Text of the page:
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The Invisible Hours Review

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We all love a good murder mystery. We love trying to decipher clues, go through the backstories, study evidence and make some deductions. In the gaming world, you’ve been able to do this for a while with many different titles; L.A. Noire and the Sherlock Holmes games stand out. But The Invisible Hours is a whole different bag, because it’s not really a game and it’s not really a movie – it’s a piece of interactive theatre. Now, that’s not me describing the game, that’s the developer’s actual blurb. Intrigued? Well, let’s start from the beginning… and a murder mystery always starts with a dead body.

The Invisible Hours was initially released in 2017 as a VR game and that will make a lot of sense as you play through the experience. You start in a movie theatre by buying a ticket and beginning the story. The tale on offer is the fictional murder of the famous real-life inventor, Tesla, in a mansion, on an island, on a stormy night at the turn of the century. The murder has happened 10 minutes before your arrival, and you follow the other characters; a Swedish detective, Edison, Sandra Bernheart, a blind butler, Edison’s assistant and a cockney hard nut. The story is separated up into five chapters, with each lasting about around 15 minutes in length. And it is in those chapters which you will find many clues, many answers and many, many secrets.

But who do we play as out of this motley crew I hear you ask? Well, no one is the short answer.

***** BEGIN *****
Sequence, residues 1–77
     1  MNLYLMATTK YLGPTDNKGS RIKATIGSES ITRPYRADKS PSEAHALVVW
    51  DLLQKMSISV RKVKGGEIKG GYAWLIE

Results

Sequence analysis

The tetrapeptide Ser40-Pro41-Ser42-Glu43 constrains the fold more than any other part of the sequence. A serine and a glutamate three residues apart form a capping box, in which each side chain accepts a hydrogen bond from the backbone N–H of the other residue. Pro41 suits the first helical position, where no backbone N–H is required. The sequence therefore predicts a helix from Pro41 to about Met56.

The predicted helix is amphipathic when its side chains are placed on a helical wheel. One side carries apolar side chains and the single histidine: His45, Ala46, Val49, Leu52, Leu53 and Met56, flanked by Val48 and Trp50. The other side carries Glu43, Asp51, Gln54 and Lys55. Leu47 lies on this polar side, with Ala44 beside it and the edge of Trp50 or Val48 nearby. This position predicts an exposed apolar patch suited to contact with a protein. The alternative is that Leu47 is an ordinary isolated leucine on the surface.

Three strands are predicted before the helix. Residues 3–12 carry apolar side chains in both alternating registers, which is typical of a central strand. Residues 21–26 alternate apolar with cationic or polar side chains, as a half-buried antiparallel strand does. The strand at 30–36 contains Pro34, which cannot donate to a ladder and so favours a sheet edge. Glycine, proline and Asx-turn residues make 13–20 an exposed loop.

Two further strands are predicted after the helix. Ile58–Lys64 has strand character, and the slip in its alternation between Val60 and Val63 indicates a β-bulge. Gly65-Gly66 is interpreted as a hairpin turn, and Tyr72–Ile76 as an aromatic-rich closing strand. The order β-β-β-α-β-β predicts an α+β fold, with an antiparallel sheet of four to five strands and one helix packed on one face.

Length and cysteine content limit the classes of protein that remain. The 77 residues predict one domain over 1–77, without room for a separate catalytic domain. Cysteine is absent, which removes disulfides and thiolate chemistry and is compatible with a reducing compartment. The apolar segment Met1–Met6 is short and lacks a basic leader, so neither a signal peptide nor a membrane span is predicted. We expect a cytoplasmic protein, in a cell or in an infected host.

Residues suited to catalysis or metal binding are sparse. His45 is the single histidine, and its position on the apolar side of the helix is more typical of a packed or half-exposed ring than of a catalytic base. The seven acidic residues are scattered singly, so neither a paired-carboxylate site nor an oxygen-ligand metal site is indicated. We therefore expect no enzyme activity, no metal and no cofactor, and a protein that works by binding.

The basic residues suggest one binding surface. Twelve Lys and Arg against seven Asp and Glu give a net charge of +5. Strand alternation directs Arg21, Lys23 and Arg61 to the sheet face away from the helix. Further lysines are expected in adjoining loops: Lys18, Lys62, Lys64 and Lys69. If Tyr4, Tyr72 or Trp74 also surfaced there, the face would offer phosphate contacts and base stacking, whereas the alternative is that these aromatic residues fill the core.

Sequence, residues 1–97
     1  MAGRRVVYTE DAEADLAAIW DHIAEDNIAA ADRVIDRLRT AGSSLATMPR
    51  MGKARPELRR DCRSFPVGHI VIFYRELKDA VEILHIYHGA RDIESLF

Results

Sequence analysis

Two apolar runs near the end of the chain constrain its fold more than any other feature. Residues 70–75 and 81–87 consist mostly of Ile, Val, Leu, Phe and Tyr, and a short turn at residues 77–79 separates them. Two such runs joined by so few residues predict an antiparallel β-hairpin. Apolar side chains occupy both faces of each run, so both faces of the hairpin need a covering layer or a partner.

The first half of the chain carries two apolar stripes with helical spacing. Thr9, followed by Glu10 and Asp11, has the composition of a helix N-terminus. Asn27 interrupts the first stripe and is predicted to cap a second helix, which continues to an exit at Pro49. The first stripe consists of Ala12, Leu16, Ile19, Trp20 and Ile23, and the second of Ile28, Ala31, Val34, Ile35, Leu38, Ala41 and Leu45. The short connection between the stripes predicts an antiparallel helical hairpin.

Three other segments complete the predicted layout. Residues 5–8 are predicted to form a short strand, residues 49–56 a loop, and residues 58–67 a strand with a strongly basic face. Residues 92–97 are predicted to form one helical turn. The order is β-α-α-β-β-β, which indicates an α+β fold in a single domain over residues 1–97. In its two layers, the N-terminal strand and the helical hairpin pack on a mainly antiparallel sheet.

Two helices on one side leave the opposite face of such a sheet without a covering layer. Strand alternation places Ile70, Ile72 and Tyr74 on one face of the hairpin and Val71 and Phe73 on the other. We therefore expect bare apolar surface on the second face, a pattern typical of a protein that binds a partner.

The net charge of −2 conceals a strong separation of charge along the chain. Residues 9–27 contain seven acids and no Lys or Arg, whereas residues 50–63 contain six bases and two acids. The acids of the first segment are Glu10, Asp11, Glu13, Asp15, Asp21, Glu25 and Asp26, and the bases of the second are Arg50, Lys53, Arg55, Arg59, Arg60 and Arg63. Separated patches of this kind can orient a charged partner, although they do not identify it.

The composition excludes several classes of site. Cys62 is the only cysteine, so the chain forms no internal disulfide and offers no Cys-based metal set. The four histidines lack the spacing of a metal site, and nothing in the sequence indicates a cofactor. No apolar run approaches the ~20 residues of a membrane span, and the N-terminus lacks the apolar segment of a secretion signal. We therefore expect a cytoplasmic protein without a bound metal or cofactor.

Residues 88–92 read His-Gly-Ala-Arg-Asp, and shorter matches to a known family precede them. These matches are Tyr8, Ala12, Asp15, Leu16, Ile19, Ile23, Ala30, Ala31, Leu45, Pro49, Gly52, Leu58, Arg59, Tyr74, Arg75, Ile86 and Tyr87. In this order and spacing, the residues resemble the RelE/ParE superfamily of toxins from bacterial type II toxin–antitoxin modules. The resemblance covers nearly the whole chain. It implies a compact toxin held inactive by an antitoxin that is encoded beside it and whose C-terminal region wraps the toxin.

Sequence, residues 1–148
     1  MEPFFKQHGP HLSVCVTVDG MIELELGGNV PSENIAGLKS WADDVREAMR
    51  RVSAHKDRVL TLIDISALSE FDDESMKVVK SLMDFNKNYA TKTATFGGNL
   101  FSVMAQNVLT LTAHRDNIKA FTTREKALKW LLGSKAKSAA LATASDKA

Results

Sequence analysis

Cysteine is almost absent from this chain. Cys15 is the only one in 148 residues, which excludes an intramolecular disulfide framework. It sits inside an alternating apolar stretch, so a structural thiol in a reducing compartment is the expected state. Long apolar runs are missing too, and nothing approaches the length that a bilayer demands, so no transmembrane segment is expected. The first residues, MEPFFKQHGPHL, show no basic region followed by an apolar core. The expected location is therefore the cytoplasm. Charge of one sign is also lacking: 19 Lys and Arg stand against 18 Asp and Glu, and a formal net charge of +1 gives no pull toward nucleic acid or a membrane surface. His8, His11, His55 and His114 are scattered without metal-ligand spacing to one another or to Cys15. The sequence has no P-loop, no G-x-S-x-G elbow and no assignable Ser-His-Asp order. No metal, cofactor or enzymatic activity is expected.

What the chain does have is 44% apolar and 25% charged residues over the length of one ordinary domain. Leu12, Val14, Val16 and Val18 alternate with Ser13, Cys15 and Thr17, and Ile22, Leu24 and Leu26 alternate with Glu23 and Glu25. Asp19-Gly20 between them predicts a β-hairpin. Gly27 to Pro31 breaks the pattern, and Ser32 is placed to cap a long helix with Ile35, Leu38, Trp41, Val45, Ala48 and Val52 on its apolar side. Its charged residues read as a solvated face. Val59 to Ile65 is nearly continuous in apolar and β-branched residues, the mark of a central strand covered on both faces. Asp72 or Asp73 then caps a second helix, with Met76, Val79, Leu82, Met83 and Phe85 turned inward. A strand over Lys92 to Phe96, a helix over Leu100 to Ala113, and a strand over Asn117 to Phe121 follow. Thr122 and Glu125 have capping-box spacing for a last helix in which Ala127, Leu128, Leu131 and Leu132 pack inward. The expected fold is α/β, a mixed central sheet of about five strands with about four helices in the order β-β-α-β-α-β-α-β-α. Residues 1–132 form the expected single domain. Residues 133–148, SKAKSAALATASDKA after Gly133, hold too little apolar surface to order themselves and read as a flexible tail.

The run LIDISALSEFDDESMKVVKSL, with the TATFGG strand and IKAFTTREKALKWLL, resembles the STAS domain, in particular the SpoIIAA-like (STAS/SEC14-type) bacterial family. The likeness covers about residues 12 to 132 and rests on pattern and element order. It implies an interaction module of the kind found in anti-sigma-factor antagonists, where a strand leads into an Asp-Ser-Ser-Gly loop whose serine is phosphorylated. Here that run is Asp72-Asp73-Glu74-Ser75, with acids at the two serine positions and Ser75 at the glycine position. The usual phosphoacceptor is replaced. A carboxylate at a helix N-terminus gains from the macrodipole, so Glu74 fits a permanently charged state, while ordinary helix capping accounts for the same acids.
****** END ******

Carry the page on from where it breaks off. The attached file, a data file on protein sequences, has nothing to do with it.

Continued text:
The Invisible Hours as a game, or experience, works in a unique way whereby you’re a fly on the wall; a ghost watching over proceedings, unseen. You can move anywhere or follow any of the characters at any time during each chapter. You can’t directly control any of the characters though, influence the action in any way or use objects that affect things. You can pick up objects to examine them and read letters or documents that could be vital to the plot, but you don’t interact with these items in a normal game-type of way. What it does do is make the whole plot of the story multi-layered and it is hugely fascinating to examine this tale from every possible angle.

For example, you can watch the main thrust of the story as three of the characters are discussing the motive of the killer in one room, but if you go off to another room you might discover another character on their own acting suspiciously in the corner, offering up a major clue. It opens up a delight of possibilities and options to follow and that in itself is hugely enjoyable. If you follow all the characters individually you can unlock secrets that are very satisfying to experience.